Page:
Keith Urban Teams With Barry Gibb for 'I've Gotta Get a Message to You'

Keith Urban joined his fellow Australian Barry Gibb for a new version of a Bee Gees classic, joining Gibb on his new album Greenfields: The Gibb Brothers Songbook, Vol. 1, which was released on Friday. Urban appeared on the Bee Gees' "I've Gotta Get a Message to You," joining Gibb for a piano-heavy version of the '60s hit.

Urban's voice starts the song, before he's joined by Gibb, who takes some lines before the two artists harmonize. "I've Gotta Get a Message to You" was released in 1968 and became the Bee Gees' first Top 10 hit in the United States. The song tells the story of an imprisoned man set to be executed in the electric chair who asks the prison chaplain to share one last message with his wife. Gibb fronted the Bee Gees alongside his late brothers Robin and Maurice, and Greenfields is his foray into the world of country music.

Other artists featured on Greenfields include Miranda Lambert, Jay Buchanan, Dolly Parton, Jason Isbell, Little Big Town, Sheryl Crow, Alison Krauss, Gillian Welch and David Rawlings, Tommy Emmanuel, Olivia Newton-John and Brandi Carlile. Dave Cobb produced the album, which was recorded in Nashville.

"On this album, there's a definite Australian streak, which ranges from Olivia to Keith Urban to Tommy Emmanuel, the guitarist [who features on 'How Deep Is Your Love']," Gibb told Entertainment Weekly. "Keith even brought Nicole Kidman with him, which was an incredible thrill, too. It was wonderful. She was a very, very normal person, very sweet."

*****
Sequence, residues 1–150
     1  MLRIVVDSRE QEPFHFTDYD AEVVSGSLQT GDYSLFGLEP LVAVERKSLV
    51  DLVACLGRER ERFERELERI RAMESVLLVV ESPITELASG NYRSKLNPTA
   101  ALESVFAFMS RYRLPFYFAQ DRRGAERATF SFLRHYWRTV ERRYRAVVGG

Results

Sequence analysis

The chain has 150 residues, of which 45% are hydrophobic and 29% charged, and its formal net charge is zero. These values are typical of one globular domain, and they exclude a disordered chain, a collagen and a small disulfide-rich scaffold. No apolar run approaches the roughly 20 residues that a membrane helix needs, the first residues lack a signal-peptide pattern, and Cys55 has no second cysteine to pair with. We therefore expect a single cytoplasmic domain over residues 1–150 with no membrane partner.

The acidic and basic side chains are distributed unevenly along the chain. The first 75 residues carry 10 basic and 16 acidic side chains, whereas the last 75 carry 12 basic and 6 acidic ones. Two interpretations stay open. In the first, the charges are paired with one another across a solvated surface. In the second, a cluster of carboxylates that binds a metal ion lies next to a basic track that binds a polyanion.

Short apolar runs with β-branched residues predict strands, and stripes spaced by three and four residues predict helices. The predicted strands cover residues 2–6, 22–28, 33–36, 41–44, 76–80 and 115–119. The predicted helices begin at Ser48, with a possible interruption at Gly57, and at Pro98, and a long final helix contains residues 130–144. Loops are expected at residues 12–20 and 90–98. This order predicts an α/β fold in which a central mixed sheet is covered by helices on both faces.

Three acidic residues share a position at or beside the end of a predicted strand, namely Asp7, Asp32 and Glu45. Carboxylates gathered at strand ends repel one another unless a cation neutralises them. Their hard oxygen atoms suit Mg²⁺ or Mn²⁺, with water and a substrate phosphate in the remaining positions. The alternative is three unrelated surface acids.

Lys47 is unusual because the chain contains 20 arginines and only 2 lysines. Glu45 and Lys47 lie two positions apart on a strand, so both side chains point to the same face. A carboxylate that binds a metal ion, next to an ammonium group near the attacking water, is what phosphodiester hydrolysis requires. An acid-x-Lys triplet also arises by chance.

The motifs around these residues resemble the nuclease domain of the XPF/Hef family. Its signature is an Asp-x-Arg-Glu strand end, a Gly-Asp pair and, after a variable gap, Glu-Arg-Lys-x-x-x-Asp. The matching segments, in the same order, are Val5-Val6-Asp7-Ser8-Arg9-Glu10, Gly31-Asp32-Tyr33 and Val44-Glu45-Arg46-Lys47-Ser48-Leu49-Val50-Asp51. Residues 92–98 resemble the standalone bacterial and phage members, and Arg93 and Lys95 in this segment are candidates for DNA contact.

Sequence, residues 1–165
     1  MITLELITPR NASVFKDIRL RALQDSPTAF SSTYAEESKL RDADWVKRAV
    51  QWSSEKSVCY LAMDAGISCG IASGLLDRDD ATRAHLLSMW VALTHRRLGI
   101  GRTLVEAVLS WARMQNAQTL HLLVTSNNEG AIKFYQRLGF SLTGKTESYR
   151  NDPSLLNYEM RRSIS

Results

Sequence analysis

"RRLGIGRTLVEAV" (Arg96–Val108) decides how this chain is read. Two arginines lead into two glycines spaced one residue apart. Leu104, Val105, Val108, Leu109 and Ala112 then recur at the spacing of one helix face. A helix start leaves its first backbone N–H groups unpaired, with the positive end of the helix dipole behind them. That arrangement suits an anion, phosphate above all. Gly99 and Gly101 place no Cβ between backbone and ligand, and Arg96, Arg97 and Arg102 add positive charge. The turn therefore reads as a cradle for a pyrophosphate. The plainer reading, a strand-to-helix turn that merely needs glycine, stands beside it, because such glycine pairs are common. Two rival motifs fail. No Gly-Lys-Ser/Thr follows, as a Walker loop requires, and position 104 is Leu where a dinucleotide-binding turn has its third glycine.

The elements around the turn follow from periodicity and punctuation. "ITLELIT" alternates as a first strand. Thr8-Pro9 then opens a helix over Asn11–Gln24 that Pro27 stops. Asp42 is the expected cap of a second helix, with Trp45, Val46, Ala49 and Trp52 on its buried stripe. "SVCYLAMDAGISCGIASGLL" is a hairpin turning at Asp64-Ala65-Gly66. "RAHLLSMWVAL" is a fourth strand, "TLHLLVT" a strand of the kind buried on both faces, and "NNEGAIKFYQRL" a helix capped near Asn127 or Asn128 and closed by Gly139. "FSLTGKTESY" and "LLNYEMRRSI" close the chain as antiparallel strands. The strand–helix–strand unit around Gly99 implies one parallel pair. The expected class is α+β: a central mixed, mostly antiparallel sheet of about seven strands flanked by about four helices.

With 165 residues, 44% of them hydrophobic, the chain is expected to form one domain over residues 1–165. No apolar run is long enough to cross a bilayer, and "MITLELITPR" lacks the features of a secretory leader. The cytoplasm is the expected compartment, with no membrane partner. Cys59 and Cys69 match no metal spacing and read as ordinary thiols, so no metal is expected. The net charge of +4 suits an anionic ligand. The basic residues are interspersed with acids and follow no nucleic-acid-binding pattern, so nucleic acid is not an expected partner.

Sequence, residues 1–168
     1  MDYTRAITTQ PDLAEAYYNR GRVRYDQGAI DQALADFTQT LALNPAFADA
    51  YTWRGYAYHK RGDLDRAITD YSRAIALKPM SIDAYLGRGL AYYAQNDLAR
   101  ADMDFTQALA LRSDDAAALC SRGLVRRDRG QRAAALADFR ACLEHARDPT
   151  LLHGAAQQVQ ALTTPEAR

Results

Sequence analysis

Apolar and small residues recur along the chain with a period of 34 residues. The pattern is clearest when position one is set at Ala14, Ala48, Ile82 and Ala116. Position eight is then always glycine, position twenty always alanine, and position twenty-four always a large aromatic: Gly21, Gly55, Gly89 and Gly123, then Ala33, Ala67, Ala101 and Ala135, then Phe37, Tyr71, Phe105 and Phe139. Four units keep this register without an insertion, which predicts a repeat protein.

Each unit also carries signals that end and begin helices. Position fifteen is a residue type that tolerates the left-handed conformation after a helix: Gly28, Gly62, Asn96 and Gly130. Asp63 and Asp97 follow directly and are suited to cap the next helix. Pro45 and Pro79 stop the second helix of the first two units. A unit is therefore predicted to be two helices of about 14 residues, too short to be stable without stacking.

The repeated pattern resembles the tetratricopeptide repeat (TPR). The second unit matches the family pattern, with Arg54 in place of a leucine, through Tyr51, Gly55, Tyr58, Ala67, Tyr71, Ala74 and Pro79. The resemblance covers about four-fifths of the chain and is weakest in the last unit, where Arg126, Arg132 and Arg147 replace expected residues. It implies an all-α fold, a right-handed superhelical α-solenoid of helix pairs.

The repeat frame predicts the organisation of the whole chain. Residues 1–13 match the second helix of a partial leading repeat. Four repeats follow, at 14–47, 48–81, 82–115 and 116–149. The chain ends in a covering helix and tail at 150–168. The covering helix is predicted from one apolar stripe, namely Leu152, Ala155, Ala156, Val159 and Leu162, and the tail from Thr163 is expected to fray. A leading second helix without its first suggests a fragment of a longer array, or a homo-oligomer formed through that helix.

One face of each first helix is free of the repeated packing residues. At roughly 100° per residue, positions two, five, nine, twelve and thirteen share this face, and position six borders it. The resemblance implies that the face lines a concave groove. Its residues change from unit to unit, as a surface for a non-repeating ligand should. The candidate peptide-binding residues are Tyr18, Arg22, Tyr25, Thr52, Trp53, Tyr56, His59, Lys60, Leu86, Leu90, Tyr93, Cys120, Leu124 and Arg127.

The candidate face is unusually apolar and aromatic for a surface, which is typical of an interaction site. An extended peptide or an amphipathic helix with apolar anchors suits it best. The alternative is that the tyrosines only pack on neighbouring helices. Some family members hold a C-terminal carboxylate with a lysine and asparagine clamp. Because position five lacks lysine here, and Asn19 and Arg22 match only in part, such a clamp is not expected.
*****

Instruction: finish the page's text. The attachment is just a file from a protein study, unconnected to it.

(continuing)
0comments

Greenfields gives Gibb a chance to showcase his love of country music, something he has been a fan of since childhood. While the Bee Gees are primarily known for their pop and disco hits — though they did write Parton and Kenny Rogers' iconic duet "Islands in the Stream — Gibb describes himself as a "country music freak."

"I just felt that country music was really what was inside me," he said. "[Gibb's son, musician Steve Gibb] played me a Chris Stapleton track, and it just destroyed me. I thought, 'This is where I belong… This is a new era, and I'm no longer that other person. I can now follow what I love the most, which is real songs, country songs, bluegrass songs — I just love 'em. It's time to do what I love and not what everyone asks me to do.'"